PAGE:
Officers tell restrained man he ‘shouldn’t be able to breathe’ before death

William Jennette's family is suing Marshall County Jail, Lewisburg and the officers after he died last May in custody.

The family of a Tennessee man is suing the officers at Marshall County Jail, the county, and the city of Lewisburg after he died last May at the hands of corrections officers. 

William Jennette was “hallucinating” and “detoxing” from meth when he was arrested for resisting arrest, public intoxication and indecent exposure. 

Video footage from Marshall County Jail in Tennessee reveals a man restrained while in custody was told “you shouldn’t be able to breathe” before he died. (NewsChannel 5 Nashville)

An exclusive investigation by local media outlet NewsChannel 5 uncovered a video of the incident on May 6, 2020, in which William Jennette refused to get into a restraint chair. In the footage, Jennette tells officers he can’t breathe. 

“You shouldn’t be able to breathe, you stupid bastard,” a female officer is heard saying.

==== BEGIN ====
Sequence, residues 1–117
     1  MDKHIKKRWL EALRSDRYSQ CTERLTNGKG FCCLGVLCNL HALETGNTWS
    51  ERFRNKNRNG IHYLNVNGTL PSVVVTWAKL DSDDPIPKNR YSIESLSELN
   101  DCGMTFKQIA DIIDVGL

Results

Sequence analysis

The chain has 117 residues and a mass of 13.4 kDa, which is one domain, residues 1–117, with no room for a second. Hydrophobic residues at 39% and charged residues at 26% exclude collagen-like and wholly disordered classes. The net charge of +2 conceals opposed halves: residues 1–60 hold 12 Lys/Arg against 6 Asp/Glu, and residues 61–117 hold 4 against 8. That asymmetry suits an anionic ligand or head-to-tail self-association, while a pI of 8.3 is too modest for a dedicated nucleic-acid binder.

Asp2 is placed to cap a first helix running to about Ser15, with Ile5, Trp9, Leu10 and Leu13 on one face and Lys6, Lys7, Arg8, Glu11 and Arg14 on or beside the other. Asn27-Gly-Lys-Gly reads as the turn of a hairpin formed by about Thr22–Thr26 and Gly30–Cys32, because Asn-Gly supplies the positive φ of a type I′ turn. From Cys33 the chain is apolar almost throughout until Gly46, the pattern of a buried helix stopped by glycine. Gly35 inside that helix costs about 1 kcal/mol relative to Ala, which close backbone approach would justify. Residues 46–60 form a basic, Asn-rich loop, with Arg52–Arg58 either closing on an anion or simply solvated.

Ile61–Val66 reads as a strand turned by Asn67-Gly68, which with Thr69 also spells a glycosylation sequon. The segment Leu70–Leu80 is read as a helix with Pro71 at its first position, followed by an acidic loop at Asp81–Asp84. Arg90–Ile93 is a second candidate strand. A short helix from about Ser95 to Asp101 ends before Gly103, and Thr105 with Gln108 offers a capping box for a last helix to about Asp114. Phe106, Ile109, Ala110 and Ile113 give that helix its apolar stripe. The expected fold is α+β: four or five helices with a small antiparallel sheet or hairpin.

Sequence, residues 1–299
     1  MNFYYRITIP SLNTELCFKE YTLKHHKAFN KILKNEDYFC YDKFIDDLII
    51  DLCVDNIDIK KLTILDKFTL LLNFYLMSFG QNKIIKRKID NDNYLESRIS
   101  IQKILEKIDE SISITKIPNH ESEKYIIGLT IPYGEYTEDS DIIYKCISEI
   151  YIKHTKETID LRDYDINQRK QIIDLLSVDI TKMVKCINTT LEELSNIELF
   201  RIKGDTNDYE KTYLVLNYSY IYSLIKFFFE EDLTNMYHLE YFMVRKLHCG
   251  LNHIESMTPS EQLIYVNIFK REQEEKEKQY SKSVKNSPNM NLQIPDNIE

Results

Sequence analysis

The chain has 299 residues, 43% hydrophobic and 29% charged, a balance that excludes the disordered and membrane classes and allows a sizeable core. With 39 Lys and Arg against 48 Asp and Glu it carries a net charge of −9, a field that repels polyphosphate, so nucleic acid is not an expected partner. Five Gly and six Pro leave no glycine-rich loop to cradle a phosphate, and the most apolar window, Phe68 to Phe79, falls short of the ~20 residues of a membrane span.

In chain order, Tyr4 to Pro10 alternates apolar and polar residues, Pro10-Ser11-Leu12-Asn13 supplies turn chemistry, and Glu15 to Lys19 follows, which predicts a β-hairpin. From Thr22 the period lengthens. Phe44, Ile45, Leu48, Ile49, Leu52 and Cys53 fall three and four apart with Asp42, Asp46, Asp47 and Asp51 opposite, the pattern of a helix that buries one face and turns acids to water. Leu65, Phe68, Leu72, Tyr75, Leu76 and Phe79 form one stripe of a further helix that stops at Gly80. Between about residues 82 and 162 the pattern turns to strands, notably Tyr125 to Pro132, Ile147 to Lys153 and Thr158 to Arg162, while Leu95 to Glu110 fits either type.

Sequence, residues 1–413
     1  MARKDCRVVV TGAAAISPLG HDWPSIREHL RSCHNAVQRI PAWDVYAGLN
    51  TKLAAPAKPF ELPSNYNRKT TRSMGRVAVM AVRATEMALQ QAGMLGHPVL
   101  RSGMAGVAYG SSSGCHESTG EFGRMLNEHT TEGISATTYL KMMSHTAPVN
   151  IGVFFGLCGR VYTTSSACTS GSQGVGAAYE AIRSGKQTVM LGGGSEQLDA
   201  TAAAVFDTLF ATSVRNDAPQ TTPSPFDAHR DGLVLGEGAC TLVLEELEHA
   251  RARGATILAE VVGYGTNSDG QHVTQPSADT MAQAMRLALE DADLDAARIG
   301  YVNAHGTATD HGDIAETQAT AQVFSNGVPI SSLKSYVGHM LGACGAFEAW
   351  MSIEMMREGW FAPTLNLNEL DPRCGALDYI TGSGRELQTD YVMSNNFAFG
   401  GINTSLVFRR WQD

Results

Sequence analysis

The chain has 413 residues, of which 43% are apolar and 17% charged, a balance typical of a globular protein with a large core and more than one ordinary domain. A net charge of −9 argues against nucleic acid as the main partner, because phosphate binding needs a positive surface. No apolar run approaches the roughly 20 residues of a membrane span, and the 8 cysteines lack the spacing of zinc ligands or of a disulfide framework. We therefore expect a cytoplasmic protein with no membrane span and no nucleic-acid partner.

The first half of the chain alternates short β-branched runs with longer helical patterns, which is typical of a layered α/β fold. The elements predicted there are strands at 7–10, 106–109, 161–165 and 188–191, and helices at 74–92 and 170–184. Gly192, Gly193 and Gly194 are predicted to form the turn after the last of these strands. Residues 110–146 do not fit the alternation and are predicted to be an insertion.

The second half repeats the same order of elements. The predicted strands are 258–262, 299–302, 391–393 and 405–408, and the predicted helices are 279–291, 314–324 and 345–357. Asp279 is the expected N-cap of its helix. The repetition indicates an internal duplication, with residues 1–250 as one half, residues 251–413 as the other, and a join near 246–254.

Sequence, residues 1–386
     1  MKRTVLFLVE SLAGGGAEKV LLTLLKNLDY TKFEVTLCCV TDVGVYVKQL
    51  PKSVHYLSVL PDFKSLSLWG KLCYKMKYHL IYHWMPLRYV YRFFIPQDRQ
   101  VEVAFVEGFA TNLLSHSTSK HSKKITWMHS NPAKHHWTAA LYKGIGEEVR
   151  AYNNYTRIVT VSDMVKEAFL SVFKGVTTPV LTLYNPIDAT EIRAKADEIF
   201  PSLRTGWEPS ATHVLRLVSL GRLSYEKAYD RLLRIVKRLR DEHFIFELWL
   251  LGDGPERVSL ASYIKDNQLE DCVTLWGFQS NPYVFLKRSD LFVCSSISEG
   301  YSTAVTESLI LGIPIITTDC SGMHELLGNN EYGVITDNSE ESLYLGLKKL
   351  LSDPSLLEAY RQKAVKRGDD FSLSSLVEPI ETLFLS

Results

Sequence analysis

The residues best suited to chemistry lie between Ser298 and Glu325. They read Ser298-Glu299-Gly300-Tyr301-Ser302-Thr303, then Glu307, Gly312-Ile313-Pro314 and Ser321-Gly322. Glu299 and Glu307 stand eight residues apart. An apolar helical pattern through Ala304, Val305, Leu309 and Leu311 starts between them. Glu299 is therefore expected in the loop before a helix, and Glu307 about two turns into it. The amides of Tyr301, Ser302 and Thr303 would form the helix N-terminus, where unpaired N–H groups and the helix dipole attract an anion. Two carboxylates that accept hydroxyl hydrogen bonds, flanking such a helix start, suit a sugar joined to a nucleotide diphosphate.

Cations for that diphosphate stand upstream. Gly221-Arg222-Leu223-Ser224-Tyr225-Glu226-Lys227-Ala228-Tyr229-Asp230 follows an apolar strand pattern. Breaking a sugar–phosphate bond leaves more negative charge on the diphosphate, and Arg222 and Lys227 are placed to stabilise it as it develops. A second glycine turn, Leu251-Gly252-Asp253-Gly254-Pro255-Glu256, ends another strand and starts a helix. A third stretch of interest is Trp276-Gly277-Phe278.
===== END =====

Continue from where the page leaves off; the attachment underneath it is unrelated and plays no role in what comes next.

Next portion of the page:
Officers kept their knees on his back, while one spoke up, urging caution. “Easy, easy — remember asphyxiation, guys,” that officer is heard saying. 

“That’s why I’m not on his lungs, to let him breathe,” another responded.

Reportedly, Jennette’s last words were “I’m good.” 

An officer with his knee in his back replied, “No, you ain’t good. You’re going to lay right there for a f**king minute.” 

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The 48-year-old man’s daughter, Dominique Jennette, has filed a suit alleging the “beating, suffocation and resultant death” of her father. She told NewsChannel 5 the circumstances of her dad’s death break her heart because “he was someone worth knowing.” 

“That’s just something that really sticks with me, how scared he must have been and how alone he must have felt,” she said. 

Jennette’s death was deemed a homicide caused by “acute combined drug intoxication” and “asphyxia.” 

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A grand jury declined to bring charges against any of the officers involved. 

Jennette’s other daughter, Calli Jennette, said that while their father — a cement truck driver with five children — had been arrested before, he did not have a long history of arrest before he fell victim to addiction.

“All he wanted was help and all he got was hate,” she said. “It’s not right.” 

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